Update October 23, 2020:
In a huge victory for animals, Egypt’s tourism ministry announced plans to ban camel and horse rides around the pyramids and in the archaeological areas in Giza. PETA is calling on the ancient city of Petra to follow suit. The COVID-19 pandemic has stopped tourism in the area for now, but horses, camels, and donkeys have been suffering and will continue to do so while carrying tourists up 900 steps to the temple and hauling carriages filled with visitors in the scorching heat. All animal rides need to be banned.
An on-site veterinary clinic run by PETA US treats donkeys and other animals, like horses and camels, who have been injured or overworked – all at no cost to their owners. Some of the animals are suffering from malnutrition, and most have painful saddle sores, are lame, or have wounds where hobbles have eaten into their flesh. Some have been deliberately cut with razor blades or stoned or Tasered by disaffected young people. Others are suffering from hoof deformities, abscesses, skin conditions, anaemia, and more. Most have never seen a veterinarian in their lives.
So far, PETA US has treated well over 1,000 donkeys in Petra. But to prevent more suffering, the city needs to replace animal rides with mechanised vehicles.
Visitors go to Petra to marvel at its ancient monuments and temples, yet the “Lost City” has a dark and ugly side: more than 1,300 horses, donkeys, and camels are forced to carry tourists or pull carriages in the city every day, and they are suffering immensely.
Handlers routinely whip and beat the animals, even hitting them in the head with rocks, as they haul tourists on a gruelling 10-kilometre trek in the sweltering heat, and there’s no water or shade for them. Donkeys are forced to carry people up and down the 900 treacherously steep and eroded stone steps to the city’s monastery. If they resist or falter, the beatings often intensify.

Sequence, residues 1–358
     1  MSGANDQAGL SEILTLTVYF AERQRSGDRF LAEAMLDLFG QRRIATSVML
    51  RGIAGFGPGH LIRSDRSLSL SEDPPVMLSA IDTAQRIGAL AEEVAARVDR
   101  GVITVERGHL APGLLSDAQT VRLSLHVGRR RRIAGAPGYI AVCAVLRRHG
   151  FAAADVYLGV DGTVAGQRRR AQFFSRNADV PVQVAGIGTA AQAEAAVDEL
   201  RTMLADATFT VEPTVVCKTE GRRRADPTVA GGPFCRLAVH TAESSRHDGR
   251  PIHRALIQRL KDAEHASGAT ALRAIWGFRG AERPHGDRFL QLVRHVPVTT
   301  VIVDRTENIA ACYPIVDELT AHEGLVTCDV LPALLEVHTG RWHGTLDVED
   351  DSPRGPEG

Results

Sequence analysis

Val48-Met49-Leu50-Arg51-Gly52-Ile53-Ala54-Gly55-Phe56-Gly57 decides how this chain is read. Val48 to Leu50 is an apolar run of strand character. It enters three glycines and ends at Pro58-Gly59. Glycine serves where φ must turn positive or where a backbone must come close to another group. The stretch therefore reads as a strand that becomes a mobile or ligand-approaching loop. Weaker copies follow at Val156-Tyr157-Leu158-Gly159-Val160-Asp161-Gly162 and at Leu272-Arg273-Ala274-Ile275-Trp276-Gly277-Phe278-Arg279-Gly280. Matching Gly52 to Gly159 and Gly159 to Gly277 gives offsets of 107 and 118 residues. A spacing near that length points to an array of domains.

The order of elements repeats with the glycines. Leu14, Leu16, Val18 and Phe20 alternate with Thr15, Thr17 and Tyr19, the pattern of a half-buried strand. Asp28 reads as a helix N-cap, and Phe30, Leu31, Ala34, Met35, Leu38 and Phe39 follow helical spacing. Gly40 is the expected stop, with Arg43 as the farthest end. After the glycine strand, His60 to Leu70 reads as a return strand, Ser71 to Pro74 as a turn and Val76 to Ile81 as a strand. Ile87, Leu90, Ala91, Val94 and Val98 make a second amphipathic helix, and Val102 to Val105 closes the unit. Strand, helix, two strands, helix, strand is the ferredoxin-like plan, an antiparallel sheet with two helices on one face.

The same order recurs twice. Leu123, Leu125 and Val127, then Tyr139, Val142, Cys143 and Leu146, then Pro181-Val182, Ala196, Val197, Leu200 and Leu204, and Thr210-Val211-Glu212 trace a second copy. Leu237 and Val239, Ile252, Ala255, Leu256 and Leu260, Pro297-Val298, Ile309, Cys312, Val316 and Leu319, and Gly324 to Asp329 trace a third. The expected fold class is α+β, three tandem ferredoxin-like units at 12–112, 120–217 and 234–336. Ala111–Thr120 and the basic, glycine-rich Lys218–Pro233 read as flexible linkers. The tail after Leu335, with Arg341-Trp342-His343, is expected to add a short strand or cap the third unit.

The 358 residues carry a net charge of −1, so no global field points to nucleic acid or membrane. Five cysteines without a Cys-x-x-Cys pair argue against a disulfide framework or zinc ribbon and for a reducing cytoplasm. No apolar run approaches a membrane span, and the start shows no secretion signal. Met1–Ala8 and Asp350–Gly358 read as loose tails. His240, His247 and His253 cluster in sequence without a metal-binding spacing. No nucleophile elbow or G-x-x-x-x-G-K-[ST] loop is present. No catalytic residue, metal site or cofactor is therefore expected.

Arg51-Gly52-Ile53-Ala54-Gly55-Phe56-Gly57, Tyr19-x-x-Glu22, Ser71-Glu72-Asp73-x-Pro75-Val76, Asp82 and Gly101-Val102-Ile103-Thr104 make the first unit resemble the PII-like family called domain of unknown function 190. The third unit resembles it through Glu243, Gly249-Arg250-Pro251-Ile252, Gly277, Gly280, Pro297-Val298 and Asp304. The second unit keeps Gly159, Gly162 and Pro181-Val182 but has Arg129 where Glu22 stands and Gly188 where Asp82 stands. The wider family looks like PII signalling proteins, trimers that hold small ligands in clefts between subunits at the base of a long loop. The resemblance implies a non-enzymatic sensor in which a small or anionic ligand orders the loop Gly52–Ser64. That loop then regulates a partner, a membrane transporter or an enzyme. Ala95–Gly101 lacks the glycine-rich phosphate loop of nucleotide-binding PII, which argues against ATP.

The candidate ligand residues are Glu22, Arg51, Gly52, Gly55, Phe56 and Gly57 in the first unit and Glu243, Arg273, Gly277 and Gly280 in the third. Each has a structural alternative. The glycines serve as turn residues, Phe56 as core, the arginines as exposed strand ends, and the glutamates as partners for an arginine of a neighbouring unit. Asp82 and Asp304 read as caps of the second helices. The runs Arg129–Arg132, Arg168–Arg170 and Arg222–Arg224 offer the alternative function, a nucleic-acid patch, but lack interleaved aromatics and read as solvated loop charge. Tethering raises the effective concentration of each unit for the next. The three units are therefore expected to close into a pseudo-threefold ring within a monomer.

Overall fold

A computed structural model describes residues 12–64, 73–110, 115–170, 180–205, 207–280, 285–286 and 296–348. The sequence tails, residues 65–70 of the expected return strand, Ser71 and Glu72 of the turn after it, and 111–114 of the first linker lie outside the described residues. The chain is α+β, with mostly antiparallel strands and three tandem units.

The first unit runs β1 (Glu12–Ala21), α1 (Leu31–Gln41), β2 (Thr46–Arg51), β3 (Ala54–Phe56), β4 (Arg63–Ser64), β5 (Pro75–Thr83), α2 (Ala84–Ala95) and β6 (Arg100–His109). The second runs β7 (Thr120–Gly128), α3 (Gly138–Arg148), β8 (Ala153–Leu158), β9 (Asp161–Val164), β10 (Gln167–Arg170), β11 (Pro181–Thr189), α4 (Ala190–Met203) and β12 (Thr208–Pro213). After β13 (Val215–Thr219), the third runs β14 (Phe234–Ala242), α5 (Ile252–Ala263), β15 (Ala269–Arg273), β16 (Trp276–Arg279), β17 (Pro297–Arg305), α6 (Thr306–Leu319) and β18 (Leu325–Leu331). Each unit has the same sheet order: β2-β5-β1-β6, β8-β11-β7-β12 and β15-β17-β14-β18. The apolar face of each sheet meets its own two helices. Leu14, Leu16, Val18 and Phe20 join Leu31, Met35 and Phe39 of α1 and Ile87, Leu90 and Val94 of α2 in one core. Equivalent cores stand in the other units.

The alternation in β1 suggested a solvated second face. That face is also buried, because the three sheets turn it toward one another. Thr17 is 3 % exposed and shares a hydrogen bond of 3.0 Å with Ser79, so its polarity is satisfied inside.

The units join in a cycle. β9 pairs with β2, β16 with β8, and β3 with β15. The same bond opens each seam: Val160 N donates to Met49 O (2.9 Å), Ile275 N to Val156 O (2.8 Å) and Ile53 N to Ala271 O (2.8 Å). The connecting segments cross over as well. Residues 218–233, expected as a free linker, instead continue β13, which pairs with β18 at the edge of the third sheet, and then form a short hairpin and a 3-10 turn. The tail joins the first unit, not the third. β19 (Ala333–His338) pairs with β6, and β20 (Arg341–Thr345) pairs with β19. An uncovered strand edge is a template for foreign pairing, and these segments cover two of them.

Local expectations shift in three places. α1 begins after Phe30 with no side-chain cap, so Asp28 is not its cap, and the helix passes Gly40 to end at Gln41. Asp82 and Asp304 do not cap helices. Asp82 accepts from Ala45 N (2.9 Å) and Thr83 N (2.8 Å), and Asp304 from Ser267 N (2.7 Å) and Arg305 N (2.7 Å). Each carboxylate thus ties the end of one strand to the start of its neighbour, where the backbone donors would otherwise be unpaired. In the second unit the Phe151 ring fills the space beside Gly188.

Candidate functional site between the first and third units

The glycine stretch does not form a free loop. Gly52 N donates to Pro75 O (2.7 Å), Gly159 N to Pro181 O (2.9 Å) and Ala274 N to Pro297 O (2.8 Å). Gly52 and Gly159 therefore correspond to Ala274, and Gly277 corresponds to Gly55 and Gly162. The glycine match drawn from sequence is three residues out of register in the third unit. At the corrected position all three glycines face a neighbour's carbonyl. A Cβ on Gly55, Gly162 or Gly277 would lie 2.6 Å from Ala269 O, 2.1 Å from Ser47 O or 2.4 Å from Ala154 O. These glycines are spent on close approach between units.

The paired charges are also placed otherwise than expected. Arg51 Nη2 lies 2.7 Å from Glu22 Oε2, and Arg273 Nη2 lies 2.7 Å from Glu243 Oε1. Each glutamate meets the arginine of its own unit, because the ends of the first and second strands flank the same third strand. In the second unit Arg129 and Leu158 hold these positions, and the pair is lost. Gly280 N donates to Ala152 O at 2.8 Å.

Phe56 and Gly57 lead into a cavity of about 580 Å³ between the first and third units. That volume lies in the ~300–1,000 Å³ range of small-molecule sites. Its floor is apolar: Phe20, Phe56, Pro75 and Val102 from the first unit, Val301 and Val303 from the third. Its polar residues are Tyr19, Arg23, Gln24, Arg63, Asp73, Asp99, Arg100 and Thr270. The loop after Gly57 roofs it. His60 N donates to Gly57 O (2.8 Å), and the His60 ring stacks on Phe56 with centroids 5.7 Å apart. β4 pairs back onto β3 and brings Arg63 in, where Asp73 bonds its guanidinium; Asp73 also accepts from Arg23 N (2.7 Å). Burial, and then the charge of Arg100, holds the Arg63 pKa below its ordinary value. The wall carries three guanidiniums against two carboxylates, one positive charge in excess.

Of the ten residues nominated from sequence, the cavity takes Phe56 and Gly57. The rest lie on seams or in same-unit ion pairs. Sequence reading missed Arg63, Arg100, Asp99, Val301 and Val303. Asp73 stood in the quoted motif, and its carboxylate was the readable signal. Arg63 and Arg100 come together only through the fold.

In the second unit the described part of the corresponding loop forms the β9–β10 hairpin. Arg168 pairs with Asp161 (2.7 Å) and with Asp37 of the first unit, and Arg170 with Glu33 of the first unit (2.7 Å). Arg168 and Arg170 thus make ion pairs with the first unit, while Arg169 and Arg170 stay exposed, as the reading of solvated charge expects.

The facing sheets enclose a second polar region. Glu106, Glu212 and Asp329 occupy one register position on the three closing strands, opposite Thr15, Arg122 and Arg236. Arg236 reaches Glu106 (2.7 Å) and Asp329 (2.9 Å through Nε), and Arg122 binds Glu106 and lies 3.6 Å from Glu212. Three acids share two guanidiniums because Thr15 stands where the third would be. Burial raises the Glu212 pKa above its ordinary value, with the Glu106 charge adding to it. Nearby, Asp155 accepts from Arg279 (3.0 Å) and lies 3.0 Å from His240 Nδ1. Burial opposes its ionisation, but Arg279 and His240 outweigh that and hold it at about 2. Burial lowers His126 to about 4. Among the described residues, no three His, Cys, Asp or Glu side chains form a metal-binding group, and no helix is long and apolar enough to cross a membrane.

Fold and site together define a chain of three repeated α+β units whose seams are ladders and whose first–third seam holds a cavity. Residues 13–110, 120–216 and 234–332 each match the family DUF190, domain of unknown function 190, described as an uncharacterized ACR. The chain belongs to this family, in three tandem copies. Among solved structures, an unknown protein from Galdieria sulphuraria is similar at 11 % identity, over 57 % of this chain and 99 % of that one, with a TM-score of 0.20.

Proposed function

Donkeys have fallen over the edge, and young people have deliberately pushed them over.
Authorities’ lack of interest in helping these animals is blatant: indignant tourists are directed by the Petra Development and Tourism Region Authority to report cruelty to animals by sending a message to an e-mail address that doesn’t even work.
Beaten and Broken
Handlers repeatedly hit the weary animals with anything at hand – including hard plastic pipes, ropes, chains, whips, and even rocks – to keep them moving.
Even when animals are too exhausted to go on, they are often viciously beaten. When one donkey balked at carrying more tourists after having just finished a tour, he was kicked in the stomach by his handler so hard that even a bystander recoiled, and although the poor donkey attempted to escape the attack, he couldn’t. He was tethered and unable to run away.
Hot and Thirsty
Despite working all day long in the blistering desert heat, working animals are deprived of water until the end of the day when they return to the “stables” – where the only source of water in the Petra Archaeological Park is located.
Between rides, they’re kept tied up, with no shade or relief from the heat. Some are tied so tightly that they can’t even lie down but instead have to wait for the next paying customer while standing up. In winter, they are left shivering in the bitter cold of the desert night, often hungry and without shelter or a blanket. They have nothing to keep them warm.
Wounded and Bleeding
Many of the animals had wounds caused by the chains and ropes tied tightly around them. Men even looped metal chains over the donkeys’ faces, which cut into their flesh.
A PETA Asia eyewitness filmed camels forced to work despite having fly-infested, open wounds caused by their bridles – a daily sight.
Animals Need Your Help
Jordan can and must replace Petra’s working horses, donkeys, mules, and camels with modern motorised vehicles and spare them a lifetime of suffering. Please urge UNESCO to act now.